Girls’ rights are also a matter for boys

Anthony Robert from Sierra Leone was abandoned in the street as a two-month-old baby. His mother, who was 16 at the time, died during childbirth and there was no one else to take care of him. Anthony has now joined the Girls Advocacy Alliance, to protect other girls from sexual violence and teenage pregnancies.

In Sierra Leone even boys are joining the struggle to improve the lot of girls and young women. Like 23-year-old Anthony Robert, for example, a youth lobbyist from a Girls Advocacy Alliance (GAA) group in his hometown of Freetown. It’s from this capacity that he tackles other boys and men in his community, in the event of a rape or teenage pregnancy, for example.

Personal story

Behind Anthony’s motivation to get involved in problems such as sexual violence and teenage pregnancies, lies a very personal story. “I’m the victim of an unplanned teenage pregnancy. My mother died when I was born, when she was just 16. It meant that I grew up without a mother and I don’t want others to have to go through what I did.”

Aged just two months, Anthony was abandoned on the street with a note on which his name was written. It must have been an act of sheer desperation for the person who had cared for him during the first weeks of his life. An aunt, a grandmother, who knows? The woman who found him took it upon herself to rear him and accepted him as her own son, despite the associated problems as a single mother. “She took me to church and said she’d found a son.”

Growing up in a slum

But he wasn’t to have an easy childhood in the slums where he grew up. “To survive, we had to sell things on the street, where there was always violence. There was never enough to eat and our clothes were always dirty. It’s nothing short of a miracle that I finished my schooling at all,” adds Anthony, who is currently in the second year of an apprenticeship to be an electrician.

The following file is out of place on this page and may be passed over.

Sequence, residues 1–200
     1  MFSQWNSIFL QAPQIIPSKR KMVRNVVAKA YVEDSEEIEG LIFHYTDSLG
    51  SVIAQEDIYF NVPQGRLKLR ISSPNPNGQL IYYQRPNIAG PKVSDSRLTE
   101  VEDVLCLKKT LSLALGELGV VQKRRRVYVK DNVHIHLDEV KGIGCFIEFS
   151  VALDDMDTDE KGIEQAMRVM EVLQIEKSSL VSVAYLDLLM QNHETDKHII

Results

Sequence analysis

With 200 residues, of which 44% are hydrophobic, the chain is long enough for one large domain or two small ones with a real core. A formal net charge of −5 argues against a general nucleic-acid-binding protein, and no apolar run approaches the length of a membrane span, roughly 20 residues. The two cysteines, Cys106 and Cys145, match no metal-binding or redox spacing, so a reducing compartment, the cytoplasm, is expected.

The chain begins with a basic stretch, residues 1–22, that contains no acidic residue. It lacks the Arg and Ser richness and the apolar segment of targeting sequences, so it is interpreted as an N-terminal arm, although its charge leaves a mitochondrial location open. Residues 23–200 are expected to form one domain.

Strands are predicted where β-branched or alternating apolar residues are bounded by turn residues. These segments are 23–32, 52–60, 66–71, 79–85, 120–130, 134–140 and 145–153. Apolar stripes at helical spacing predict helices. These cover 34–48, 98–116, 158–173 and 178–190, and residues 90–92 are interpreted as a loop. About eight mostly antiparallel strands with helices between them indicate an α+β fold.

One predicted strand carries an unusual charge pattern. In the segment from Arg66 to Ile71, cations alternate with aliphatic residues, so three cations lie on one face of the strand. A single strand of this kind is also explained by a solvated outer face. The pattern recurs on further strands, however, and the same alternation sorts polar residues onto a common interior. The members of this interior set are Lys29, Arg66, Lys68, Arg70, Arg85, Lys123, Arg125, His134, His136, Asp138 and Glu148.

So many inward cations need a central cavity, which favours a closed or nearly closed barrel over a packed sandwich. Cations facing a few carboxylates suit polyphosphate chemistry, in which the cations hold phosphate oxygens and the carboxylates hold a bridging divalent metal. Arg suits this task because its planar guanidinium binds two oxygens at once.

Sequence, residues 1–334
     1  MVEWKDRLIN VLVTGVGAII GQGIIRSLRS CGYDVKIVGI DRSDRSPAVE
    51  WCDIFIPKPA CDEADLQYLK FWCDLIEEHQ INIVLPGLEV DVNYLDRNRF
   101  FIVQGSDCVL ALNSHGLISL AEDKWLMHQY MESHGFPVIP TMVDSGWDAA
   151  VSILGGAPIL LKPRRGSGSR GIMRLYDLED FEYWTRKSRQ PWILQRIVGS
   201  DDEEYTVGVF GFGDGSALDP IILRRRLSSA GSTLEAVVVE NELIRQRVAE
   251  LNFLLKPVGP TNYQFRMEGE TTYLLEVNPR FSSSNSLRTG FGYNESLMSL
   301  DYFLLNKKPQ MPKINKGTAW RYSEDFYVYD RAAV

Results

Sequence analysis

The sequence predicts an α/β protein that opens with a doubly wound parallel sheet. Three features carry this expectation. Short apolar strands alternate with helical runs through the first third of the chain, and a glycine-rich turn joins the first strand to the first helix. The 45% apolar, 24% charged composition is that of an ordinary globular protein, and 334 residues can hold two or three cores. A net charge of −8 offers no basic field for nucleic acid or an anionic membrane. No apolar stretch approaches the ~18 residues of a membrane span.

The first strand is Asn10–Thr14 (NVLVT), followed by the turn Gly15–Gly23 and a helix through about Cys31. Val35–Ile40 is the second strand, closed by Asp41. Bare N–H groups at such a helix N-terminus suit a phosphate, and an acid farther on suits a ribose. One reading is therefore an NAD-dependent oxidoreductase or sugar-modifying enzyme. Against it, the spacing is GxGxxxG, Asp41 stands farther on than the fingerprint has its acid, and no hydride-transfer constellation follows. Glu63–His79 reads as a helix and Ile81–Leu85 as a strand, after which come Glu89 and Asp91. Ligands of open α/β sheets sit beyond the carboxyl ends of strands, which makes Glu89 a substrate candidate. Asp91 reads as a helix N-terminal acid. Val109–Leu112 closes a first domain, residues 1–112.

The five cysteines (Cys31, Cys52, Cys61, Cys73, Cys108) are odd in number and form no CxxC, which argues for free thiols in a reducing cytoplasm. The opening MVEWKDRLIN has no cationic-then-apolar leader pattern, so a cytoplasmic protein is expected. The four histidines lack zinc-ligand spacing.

He is one of five boys in the GAA lobby group and, together with 20 girls, he is trying to bring about change at community level. The youngsters’ work mainly involves speaking to people on the street or carrying out door-to-door campaigns, in which they visit local residents to get their message across. “We explain to people that a girl’s back is not for carrying a baby, but a school satchel,” he says, in a clear reference to how women in Sierra Leone typically carry their babies.

Finish school first

It’s not just boys and their parents that Anthony has in his sights, he also targets girls. “Some young girls seem to think that having a child will give them direction in life. But what they fail to realise is that they are still far too young to become mothers. I tell them that the body of a teenager cannot handle bringing a child into the world. They won’t be able to properly care for a child because, essentially, they are still children themselves. We advise them to finish school first, before thinking about having children.”

Anthony is taking a significant risk by lobbying for girls’ rights. “I’m sometimes beaten up for it,” he admits. “It’s usually by people who don’t understand why I’m involved in a lobby group for girls’ rights. They see it as a problem for girls, not for boys. But my response is that as a boy you have a responsibility to protect girls.”